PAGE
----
I’ve been avidly following the SENS Research Foundation, one of the world’s leading non-profit research centres working toward a cure for aging, since its founding in 2009. Venture capitalist Peter Thiel has been one of their main sources of funding, enabling them to run on a budget of about $4 million/year, but I’ve pitched in over $500/year for the past few years. I also sent them flowers. Lately the SENS Foundation dipped their toes into crowdfunding, which is pretty cool. It’s a good way to convey to their donors what, concretely, their money is being spent on. I figure this is right up the alley of all you biology nerds here.
(I have no idea why the production values of this video are so low for Aubrey de Grey’s segments— did he have to film it in a hotel room or something?)
[quote]Each cell in the body is dependent on the efficient generation of cellular energy by mitochondria to stay alive. Critical to this process are genes encoded within the mitochondrial genome. Over time however, mutations in these genes occur as a result of constant exposure to reactive oxygen species produced by oxidative phosphorylation, the mitochondrial energy generation process. Unlike genes within the nucleus, mitochondria lack an efficient system to repair damaged DNA. This leads to accumulated mutations, resulting in mitochondrial defects and an increase in oxidative stress throughout the body. Closely correlated with this is the observation that organisms which age more slowly also consistently display lower rates of mitochondrial free radical damage. Thus, reversing and/or preventing damage to mitochondrial DNA may be a key factor in slowing the aging process.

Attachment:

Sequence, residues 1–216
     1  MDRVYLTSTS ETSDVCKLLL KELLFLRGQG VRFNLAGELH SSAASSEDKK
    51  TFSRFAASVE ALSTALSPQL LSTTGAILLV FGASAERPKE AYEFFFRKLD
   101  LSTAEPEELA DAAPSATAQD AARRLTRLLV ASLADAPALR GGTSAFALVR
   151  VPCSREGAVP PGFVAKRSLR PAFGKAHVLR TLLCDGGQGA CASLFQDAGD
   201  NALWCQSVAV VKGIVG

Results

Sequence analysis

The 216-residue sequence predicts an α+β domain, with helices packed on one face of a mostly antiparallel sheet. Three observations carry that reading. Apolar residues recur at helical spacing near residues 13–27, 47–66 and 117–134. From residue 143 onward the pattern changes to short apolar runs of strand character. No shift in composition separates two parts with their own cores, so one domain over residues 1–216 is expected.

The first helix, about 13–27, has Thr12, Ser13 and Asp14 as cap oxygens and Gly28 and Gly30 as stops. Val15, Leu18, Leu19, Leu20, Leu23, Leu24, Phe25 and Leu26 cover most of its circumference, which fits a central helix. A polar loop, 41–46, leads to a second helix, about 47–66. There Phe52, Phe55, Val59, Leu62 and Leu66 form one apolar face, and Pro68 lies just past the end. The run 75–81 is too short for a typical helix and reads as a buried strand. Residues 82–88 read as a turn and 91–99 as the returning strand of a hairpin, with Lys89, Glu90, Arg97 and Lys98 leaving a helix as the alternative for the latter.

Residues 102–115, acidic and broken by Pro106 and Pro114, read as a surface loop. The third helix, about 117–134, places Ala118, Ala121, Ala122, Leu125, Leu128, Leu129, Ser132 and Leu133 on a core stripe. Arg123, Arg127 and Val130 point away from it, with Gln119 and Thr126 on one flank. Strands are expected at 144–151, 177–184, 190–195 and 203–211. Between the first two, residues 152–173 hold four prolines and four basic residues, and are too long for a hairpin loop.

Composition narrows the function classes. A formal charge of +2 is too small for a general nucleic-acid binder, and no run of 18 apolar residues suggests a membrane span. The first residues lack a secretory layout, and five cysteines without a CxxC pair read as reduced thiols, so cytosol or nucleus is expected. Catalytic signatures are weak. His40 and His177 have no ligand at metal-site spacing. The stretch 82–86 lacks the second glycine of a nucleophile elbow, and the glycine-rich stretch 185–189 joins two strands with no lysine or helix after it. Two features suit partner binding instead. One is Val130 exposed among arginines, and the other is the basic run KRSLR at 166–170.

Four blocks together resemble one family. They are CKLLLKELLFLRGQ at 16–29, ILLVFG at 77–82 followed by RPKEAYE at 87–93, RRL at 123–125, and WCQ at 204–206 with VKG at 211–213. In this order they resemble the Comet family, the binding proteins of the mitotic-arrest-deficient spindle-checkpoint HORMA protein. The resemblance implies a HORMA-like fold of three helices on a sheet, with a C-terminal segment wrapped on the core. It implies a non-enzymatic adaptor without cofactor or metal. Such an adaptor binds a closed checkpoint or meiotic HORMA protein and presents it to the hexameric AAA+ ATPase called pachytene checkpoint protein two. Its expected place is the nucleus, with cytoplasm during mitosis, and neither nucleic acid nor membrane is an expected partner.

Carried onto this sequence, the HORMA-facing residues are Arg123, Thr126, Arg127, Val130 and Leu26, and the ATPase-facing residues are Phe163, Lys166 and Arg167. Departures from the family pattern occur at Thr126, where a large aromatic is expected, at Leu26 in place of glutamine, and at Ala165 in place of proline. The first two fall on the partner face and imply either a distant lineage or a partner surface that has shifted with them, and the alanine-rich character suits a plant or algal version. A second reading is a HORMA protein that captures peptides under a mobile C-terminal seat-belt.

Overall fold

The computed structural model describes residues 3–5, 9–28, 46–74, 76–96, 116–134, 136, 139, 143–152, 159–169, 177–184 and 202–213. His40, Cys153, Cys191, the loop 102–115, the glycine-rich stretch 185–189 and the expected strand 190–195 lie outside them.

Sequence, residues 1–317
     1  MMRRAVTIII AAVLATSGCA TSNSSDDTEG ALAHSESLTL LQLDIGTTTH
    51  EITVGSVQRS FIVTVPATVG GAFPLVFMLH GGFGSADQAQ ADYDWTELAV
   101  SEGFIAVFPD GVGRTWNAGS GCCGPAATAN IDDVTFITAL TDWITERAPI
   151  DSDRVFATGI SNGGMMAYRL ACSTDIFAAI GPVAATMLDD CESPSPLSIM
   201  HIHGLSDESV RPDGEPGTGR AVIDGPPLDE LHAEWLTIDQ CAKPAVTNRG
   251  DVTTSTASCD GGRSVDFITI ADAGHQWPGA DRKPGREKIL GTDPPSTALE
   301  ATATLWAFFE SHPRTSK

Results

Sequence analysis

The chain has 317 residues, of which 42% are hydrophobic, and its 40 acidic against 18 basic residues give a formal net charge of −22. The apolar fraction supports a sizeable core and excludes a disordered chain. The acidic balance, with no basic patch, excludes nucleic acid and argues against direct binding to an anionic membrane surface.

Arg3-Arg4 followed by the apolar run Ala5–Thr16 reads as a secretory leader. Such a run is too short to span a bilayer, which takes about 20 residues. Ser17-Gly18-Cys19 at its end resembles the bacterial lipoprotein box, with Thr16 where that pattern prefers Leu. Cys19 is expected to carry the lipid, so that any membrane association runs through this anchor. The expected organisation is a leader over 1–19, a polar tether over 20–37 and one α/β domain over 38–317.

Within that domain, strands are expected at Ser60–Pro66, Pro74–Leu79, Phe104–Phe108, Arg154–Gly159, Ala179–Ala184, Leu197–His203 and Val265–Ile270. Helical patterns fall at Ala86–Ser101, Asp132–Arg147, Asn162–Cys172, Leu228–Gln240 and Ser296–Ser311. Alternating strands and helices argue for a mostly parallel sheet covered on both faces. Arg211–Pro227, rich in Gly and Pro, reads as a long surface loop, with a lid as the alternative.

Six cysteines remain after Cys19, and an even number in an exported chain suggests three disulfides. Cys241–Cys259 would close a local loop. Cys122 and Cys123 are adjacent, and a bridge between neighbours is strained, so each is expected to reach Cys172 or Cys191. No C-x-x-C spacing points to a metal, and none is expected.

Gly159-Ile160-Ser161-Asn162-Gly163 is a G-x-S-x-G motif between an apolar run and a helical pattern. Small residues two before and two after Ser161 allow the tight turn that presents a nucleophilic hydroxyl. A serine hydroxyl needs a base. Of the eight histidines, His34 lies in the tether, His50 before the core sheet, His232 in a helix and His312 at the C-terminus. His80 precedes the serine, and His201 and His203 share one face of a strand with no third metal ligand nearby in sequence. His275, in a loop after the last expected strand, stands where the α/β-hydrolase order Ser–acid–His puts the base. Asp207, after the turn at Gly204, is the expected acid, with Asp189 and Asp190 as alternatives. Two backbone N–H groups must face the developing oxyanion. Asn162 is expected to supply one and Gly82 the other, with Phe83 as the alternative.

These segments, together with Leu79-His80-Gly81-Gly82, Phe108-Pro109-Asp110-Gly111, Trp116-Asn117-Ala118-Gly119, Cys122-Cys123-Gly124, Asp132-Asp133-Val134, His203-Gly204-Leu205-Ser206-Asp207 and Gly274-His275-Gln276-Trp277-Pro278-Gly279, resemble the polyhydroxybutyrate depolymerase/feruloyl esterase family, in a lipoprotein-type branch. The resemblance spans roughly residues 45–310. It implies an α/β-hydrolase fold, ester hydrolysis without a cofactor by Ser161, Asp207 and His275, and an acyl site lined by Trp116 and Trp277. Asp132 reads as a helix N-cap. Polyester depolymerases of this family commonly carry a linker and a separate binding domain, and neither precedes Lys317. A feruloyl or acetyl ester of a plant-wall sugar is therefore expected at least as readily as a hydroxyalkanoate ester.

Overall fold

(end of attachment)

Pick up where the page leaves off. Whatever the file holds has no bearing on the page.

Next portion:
At the SENS Research Foundation, we are in the early stages of creating an innovative system to repair these mitochondrial mutations. If this project is successful we will have demonstrated, for the first time, a mechanism that can provide your cells with a modified backup copy of the entire mitochondrial genome. This genome would then reside within the protective confines of the cell’s nucleus, thereby mitigating damage to the mitochondrial genome. In fact, during the long course of evolution, this gradual transfer of genetic information into the nucleus has already occurred with the majority of mitochondrial genome, leaving behind a mere 13 protein coding genes within the mitochondria. Demonstrating the effectiveness of this technology would be a major milestone in the prevention and reversal of aging in the human body.[/quote]
Read more about the project on lifespan.io.